However, If you’re interested in M-V-VM in WPF, there are numerous topics worth mentioning that I didn’t get to cover and are definitely worth checking out:

Unit Testing

As I said in the introduction post, one of the most important benefits of seperating the logic code from the presentation (XAML) is that its straightforward to unit test. In fact, my next post following the Stock DataModel Sample was going to be about unit testing – specifically, how to test the DataModel its provider which, because of the use of threading, is a bit tricky.

This post is actually 99% done in the comments of the unit test code that’s in DefaultStockQuoteProviderTest.cs in the  provided source code. So do yourself a favor and go over the code. It’s not long and very well documented…

Using Lambda Expression for DataBinding

Data-binding is pretty much at the heart of the M-V-VM concept and it makes us write Value Converters which is pretty tedious and annoying.
Wouldn’t it be great if we could replace writing lots of IValueConverter classes like this:

<TextBlock Foreground="{Binding Change, Converter={StaticResource StockForegroundConverter}}" … />

[ValueConversion(typeof(double), typeof(Brush))]
public class StockChangeToBrushConverter : IValueConverter
{
    public object Convert(object value, Type targetType, object parameter, CultureInfo culture)
    {
        double change = (double)value;
        if (change == 0) return Brushes.Black;
        return (change < 0) ? Brushes.DarkRed : Brushes.Green;
    }

    public object ConvertBack(object value, Type targetType, object parameter, CultureInfo culture)
    {
        return double.NaN;
    }
}

To just the following XAML statement that embeds the conversion logic:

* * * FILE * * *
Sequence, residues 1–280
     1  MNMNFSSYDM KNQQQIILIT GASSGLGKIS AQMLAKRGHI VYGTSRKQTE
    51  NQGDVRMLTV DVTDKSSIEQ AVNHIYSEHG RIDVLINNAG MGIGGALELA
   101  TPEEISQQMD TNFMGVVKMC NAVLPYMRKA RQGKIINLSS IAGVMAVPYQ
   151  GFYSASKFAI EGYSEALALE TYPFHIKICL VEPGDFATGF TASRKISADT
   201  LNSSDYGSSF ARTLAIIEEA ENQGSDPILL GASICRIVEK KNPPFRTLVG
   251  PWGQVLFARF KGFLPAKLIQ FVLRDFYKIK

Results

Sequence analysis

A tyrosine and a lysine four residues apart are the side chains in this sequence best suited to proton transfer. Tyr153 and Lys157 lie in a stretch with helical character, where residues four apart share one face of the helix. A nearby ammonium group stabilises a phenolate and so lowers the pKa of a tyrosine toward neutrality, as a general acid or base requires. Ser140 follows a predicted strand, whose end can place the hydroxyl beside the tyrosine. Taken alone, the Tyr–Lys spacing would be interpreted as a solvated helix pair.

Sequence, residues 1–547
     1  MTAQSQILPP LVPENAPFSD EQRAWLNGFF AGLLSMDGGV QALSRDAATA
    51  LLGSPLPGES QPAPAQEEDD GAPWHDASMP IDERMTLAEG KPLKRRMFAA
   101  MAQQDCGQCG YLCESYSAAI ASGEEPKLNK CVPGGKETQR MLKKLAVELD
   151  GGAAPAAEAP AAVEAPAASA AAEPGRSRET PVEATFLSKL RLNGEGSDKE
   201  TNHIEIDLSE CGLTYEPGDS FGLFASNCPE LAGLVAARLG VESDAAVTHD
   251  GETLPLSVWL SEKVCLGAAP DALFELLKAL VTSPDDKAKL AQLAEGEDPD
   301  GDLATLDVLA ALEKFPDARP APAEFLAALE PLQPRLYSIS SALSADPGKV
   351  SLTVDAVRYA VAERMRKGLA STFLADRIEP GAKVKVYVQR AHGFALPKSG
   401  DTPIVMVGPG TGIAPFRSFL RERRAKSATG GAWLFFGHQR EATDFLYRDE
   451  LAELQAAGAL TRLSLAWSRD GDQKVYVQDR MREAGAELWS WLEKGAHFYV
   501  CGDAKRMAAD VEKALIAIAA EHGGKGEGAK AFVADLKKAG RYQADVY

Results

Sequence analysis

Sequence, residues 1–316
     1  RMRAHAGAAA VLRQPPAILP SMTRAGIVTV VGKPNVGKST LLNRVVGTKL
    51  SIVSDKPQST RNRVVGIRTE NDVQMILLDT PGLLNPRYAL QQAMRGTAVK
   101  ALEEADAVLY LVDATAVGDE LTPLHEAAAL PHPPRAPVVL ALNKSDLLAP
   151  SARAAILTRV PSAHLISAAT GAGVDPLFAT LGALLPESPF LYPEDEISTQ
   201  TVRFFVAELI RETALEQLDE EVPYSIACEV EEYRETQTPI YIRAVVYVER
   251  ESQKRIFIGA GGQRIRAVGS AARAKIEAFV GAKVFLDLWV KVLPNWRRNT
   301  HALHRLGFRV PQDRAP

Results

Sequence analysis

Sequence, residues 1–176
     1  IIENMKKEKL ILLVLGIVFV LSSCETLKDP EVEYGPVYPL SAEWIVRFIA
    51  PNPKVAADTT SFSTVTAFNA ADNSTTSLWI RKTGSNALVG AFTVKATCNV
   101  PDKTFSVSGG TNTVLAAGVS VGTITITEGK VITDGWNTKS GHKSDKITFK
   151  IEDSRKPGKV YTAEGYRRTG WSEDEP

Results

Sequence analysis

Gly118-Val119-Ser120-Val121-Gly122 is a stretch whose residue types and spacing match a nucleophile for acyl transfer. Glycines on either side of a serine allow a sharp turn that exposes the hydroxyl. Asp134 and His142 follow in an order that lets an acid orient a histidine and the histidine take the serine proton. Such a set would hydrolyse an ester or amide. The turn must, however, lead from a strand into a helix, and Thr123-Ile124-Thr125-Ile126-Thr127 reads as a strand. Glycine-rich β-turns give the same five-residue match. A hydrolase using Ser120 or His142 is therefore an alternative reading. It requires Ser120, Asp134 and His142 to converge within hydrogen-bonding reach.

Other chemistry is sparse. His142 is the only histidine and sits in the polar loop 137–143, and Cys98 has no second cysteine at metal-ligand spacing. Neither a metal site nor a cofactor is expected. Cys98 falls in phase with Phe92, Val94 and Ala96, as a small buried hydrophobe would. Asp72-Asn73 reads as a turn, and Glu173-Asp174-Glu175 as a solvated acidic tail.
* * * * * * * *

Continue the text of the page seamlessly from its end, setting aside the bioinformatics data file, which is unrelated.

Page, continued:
<TextBlock Foreground="{Binding Change,

Converter={ change=> if (change == 0) return Brushes.Black; return (change < 0) ? Brushes.DarkRed : Brushes.Green; }}" … />

M. Orçun Topdağı wrote an excellent series on using Lambda Expressions for data-binding in WPF to achieve just that:

Reference Applications and Guidance

I haven’t seen a lot of sample WPF LOB reference applications out there but here are some interesting links for further learning:

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Microsoft Can Clone Twitter?!

Technology April 5th, 2009

In a response to Microsoft watcher Todd Bishop’s post saying  Microsoft should buy Twitter, Mary Jo-Foley wrote Microsoft Shouldn’t Buy Twitter saying:

…But I’d argue Microsoft could simply do a Twitter clone — the same way that it has built its own Facebook-notification-like news stream into Windows Live — and reap similar results. In fact, the Softies are hinting they’ve already been experimenting with adding Twitter-like functionality to its business software (possibly via SharePoint). I’d bet the Xbox and maybe the Pink/Danger mobile teams have been looking at doing their own Twitter-like services too.

Seriously?! Microsoft could simply clone Twitter?!

Sure, Microsoft certainly has some brilliant tech folks that can surely implement or clone anything. It also has the resources to do that.
And yet, its mostly following the pack with its online offering pretty stagnant. Last time it tried anything like that was Live Home with its Facebook\FriendFeed like functionality and that’s pretty much dead
It can certainly clone Twitter, probably even do a better job at it than the original, but will anyone bother using it?

Twitter has a fast growing, huge and vibrant community. Its also a well known brand name that’s getting a huge amount of media attention right now.
It survived its own fail whales, upgrade owls and all sorts of other nasty service downtimes simply because no one else can beat that…
You can clone technology but you can’t clone a community and brand strength…